Canada’s dollar rose against all of its 16 most-traded peers except the yen and the U.S. dollar after employment climbed, fueling bets the central bank will be the first in the Group of Seven nations to raise interest rates.
The currency pared a weekly loss against its U.S. counterpart after Statistics Canada reported the nation’s biggest two-month job gain in more than 30 years, adding to evidence the nation’s economy is accelerating. Interest-rate speculation may be tempered next week by a report forecast to show the pace of inflation held below the Bank of Canada’s 2 percent target for a second month.
“The Canadian dollar outperformed on the back of the surprising beat on the labor-force survey,” Jack Spitz, managing director of foreign exchange at National Bank of Canada, said by phone from Toronto. “Everybody was leaning left on this thing. To print 58,000 with the vast majority being private-sector, full-time jobs was a massive beat.”
Canada’s currency, nicknamed the loonie for the image of the aquatic bird on the C$1 coin, gained 0.8 percent this week to C$1.2925 per euro yesterday in Toronto and strengthened 1.2 percent to C$1.0026 to the Australian dollar. It weakened 0.4 percent to C$1.0005 per U.S. dollar, ending the week below parity for the first time since February. One Canadian dollar purchases 99.95 U.S. cents.
The currency has traded within a three-cent range versus the greenback since the end of January, sliding to C$1.0063 on May 9 and strengthening to 98 cents on April 27. It will trade at 98 cents at year-end, according to the median forecast in a Bloomberg News survey of 41 economists.
Ten-year government bonds rose for a second week, pushing the yield down five basis points, or 0.05 percentage point, to 1.97 percent. It touched 1.93 percent on May 9, the lowest level since Feb. 3. The price of the 2.75 percent securities due in June 2022 increased 46 cents to C$107.11.
Crude oil, Canada’s biggest export, declined for a second week. June futures dropped 2.4 percent to $96.13 per barrel in New York and touched $95.17, the lowest since Dec. 20. Raw materials including oil account for about half of Canada’s export revenue.
The loonie gained as much as 0.7 percent yesterday after the statistics agency said employers added a net 58,200 jobs to payrolls in April, almost six times the median forecast in a Bloomberg survey, after an increase of 82,300 in March. It was the currency’s biggest intraday gain since April 17, when Bank of Canada policy makers said raising interest rates might be necessary as growth and inflation quicken.
Private companies added 85,800 workers in April, while public-sector employment fell by 19,200, Statistics Canada said. Full-time employment increased 43,900.
Odds increased after the jobs data that the central bank will boost its 1 percent benchmark interest rate later this year. Bloomberg calculations on trading in overnight index swaps showed about a 42 percent chance the rate will be increased to 1.25 percent after the bank’s Sept. 5 meeting, up from 36 percent yesterday, and a 14 percent chance of a bigger jump. The likelihood was 19 percent on April 16, the day before the central-bank statement.
“It’s a natural progression to think that rate expectations are going to be driven higher” on the jobs numbers, National Bank’s Spitz said. “I don’t know if rate hikes are inevitable. The currency’s valuation will play into it,” he said, meaning a stronger currency may act as a cap on inflation by making the nation’s exports less competitive in international markets.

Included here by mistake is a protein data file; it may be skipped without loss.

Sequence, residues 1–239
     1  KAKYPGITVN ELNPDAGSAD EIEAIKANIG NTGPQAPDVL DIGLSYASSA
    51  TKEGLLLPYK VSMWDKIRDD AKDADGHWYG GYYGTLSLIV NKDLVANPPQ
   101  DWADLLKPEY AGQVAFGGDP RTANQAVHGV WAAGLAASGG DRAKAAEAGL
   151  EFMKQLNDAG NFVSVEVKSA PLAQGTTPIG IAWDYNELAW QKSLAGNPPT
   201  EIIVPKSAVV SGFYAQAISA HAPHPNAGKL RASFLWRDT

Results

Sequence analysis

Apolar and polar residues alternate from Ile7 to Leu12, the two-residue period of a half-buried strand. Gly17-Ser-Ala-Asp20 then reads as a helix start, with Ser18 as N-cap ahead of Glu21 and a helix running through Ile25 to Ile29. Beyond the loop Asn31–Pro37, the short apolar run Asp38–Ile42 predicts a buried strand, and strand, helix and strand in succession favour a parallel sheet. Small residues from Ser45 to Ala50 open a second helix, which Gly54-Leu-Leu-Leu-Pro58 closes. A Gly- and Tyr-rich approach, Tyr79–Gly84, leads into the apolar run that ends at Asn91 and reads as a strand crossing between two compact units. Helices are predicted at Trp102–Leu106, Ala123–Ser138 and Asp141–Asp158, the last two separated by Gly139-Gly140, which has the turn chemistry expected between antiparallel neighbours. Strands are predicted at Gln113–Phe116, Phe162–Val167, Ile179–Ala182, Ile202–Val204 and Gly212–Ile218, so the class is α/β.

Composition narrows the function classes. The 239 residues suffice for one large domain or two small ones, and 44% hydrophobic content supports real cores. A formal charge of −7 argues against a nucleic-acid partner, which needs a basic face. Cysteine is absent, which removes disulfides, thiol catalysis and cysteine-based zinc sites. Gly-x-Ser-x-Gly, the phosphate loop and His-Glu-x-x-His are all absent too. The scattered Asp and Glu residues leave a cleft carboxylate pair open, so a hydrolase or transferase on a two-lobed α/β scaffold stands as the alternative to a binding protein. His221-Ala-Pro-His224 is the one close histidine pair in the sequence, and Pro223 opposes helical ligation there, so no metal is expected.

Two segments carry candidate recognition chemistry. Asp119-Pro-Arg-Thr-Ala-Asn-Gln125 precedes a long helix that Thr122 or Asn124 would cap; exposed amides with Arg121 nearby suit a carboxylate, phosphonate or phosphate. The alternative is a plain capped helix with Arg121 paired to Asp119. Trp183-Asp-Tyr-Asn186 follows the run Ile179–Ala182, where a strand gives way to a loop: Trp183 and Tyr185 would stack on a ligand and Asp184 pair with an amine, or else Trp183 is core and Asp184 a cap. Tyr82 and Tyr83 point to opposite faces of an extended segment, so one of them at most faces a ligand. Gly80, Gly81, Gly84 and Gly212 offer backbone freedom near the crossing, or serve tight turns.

Consumer prices in Canada held steady at 1.9 percent in April from a year earlier, economists in a Bloomberg survey forecast before Statistics Canada reports the data on May 18. The inflation rate fell in March below the central bank’s 2 percent target for the first time in 18 months.
Futures traders decreased wagers last week that the Canadian dollar will gain against the U.S. currency. Net long positions, or bets the currency will strengthen, declined to 60,095 contracts in the week ended May 8, after reaching 70,223 the previous week, the highest since March 2011, Commodity Futures Trading Commission data showed.
The loonie’s advance yesterday trimmed its weekly loss versus the greenback, which gained on demand for safety amid resurgent concern that Europe’s sovereign-debt crisis is worsening.
The Canadian dollar reached C$1.2881 per euro yesterday, the strongest level since Jan. 17, on bets Greece is closer than ever to exiting the euro. A political impasse in the nation where the region’s debt crisis began followed an inconclusive May 6 election and threatened the implementation of austerity pledges required for its two global bailouts since May 2010.
Loonie Versus Aussie
The loonie’s gain against Australia’s dollar, the currency of a fellow commodities exporter, brought it almost to parity yesterday. It touched C$1.0002, the strongest since October.
Canada’s dollar may strengthen 7 percent against its Australian counterpart over the next three to six months, said Shaun Osborne, currency strategist in Toronto at Toronto- Dominion Bank’s TD Securities unit.
“There’s a policy divergence starting to open up between the Reserve Bank of Australia, which is in the early stages of an easing cycle, and everyone seems to be looking at the Bank of Canada to tighten,” Osborne said at the May 8 Bloomberg Canada Economic Summit in Toronto. “There’s an opportunity for the Aussie-Canada cross to catch up with interest-rate differentials.”
The RBA has cut its benchmark interest rate to 3.75 percent from 4.75 percent over the past seven months and this month lowered its growth and inflation forecasts.
Osborne said he entered the trade at C$1.03, with a target for 94 cents over the next three to six months.
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